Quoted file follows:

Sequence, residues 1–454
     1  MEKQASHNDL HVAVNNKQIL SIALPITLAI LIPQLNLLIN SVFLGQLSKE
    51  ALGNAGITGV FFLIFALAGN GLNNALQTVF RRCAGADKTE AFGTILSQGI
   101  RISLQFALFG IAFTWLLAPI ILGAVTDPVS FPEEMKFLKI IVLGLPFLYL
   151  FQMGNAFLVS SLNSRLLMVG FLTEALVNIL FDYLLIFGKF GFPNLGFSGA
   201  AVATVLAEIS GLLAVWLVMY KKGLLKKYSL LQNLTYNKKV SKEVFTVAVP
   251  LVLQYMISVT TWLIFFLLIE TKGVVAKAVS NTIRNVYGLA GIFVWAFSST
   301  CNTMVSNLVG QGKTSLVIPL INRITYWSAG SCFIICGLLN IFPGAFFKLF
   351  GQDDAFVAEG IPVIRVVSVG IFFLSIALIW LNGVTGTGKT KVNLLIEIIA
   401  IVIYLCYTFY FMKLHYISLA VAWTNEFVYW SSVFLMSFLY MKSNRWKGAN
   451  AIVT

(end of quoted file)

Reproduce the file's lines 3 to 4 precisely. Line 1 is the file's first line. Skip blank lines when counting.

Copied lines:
    51  ALGNAGITGV FFLIFALAGN GLNNALQTVF RRCAGADKTE AFGTILSQGI
   101  RISLQFALFG IAFTWLLAPI ILGAVTDPVS FPEEMKFLKI IVLGLPFLYL